LETTERS TO THE EDITOR.
THE NONCONFORMIST COUNCIL AND THE ELECTORS.
[To TES EDITOR OF TER " SPXCTATOR."] Six,—Misled probably by newspaper reports, the Spectator has fallen into two or three errors in the action of this
Council, which I beg leave to point out. In the first place, the long extract which you quote as from Jekyll, and which you affirm was issued by the Council, was not published by the authority of the assembly at all, had not even been sub- mitted to the delegates, but appeared in the Monday morning journals in the surreptitiously obtained agenda-paper. That which was approved by the Council was a different and more moderate statement.
It is inaccurate to state that " Mr. Bompas and the Unionists
have left the Council." Mr. Bompas, I deeply regret to say,. has retired, but other Unionists remain, contented to stand by twelve features of the programme rather than forsake their colleagues on account of a difference on one clause.. Clause 2 was drafted on Local Self-government lines on purpose to secure the unity of Nonconformists of all shades in approving a policy of justice towards Ireland. Strictly speaking, it claims no more for nationalities than it does for municipalities, and certainly does not declare for an Irish Parliament in Dublin. Many members of the Council earnestly contended for a more pronounced declaration on Home-rule. The majority of the dissentients voted against the clause, as I understand, because it did not go far enough. We do not consider Home-rule an absolute panacea for all the ills of Ireland. But after all these centuries of oppression and misgovernment, we are anxious to do justice to Ireland, and to concede the only principle by which right per- sonal or national character can be acquired,—viz., self-govern- ment. We believe in the same policy for London, and yet we hold that the idea of Imperial unity should be above the local authority. The freedom from extraneous influence on the belief and worship and service of our Churches has taught us the ethical worth of social self-government ; and as a moral law of progress, we desire to see Ireland subjected to its working. The working out of that principle is the business of political parties. The affirmation of the worth of the moral idea is the duty of such assemblies as ours.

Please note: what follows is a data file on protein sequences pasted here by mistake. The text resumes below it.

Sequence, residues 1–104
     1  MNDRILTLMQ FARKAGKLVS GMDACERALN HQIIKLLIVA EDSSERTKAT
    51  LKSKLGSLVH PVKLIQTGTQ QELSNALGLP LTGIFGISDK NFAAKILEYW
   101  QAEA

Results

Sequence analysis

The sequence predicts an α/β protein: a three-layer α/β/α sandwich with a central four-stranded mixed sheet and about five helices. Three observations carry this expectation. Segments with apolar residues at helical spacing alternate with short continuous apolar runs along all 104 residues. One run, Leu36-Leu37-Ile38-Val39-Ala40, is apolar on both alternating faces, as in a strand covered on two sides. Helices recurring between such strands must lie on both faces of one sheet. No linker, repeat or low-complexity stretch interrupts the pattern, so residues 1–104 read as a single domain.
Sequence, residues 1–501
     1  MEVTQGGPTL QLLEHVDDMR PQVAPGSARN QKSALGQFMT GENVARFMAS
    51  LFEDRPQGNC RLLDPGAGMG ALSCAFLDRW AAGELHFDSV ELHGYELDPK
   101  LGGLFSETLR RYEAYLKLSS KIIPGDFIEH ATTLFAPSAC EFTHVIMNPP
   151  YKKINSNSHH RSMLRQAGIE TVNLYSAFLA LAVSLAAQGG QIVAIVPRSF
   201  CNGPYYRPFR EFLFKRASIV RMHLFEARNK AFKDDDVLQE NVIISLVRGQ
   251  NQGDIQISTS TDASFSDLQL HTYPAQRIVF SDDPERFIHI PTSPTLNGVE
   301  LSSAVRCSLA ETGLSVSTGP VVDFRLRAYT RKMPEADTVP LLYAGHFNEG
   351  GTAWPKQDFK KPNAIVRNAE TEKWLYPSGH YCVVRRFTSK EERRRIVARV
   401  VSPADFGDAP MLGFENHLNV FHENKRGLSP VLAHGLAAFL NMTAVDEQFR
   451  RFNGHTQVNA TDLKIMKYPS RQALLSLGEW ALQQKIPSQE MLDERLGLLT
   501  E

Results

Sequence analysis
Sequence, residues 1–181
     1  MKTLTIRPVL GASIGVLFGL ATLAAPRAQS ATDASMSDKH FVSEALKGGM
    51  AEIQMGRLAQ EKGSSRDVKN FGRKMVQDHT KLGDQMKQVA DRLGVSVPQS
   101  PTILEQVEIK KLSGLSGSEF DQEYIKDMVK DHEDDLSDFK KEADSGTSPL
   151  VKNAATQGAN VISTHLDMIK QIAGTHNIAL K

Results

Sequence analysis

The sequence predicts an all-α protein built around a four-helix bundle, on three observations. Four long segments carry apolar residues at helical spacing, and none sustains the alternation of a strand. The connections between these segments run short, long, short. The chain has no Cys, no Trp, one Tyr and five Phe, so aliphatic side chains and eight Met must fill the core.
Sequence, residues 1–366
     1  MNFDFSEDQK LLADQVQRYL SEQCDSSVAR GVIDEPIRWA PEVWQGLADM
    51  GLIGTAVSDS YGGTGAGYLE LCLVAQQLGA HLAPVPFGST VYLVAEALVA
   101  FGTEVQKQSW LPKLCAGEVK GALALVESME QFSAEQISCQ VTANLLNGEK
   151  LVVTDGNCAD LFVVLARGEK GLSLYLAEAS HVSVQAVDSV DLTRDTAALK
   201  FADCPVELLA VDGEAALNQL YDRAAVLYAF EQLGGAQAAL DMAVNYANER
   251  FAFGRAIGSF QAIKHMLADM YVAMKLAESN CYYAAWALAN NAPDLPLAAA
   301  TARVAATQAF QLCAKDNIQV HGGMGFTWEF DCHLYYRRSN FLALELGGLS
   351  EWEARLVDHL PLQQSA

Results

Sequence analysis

If this ethical imperative, confirmed by Kant's dictum, "Desire nothing for yourself which you do not desire to see universally possessed," exposes us to the accusation of being " political parasites of the Nationalist Party," we do not complain of this or any other language that may be used to disparage us. The Christian ideal to us is no mere maxim for special times, places, or relations. It is rather a practical personal law, regulating motives, and yet demanding applica- tion to every part of life,—social, industrial, and political. F. D. Maurice and Charles Kingsley taught us that long ago. What is right is to us sacred, our duty and our religion. If religion is only quietism, or a contempla- tive luxury, an opiate for the conscience, or a stimulus to spiritual vanity, it is the worst form of vice and disease. It is healthy and fruitful only as a force to enable us for ourselves and for others to realise right ideals. No one in our Council. attacked the owners of ground-rents. Their names were not once mentioned. We simply affirmed that when increased value is given to land, as the result of the growth of the com- munity, the possessors of that increment should bear their equitable share of the burdens of the State. Each citizen_ should contribute to the maintenance of the State. Those who have been most largely privileged should cheerfully give- according to their means. The clause on public morals was not drawn up in reference to any particular person. Only one reference was made to names, and that was at once deprecated. by the meeting. But the Council stands steadfastly to the necessity of moral character in our legislators, at all events, and in defiance of all party associations. That which is morally wrong can never be politically expedient. —I am, Sir, &c.,
June 20th. JOHN MATTHEWS, Hon. Sec. London Nonconformist Council..
[We regret the error of accepting as agreed to, the passage which was only the wording of the preliminary draft. But Mr. Matthews appears to admit that the various " Nationali- ties " in the United Kingdom are regarded by the Noncon- formist Council as entitled to distinct political organisations.. Whether that applies to England, Scotland, Wales, or Ireland, it is just what we emphatically deny.—En. Spectator.]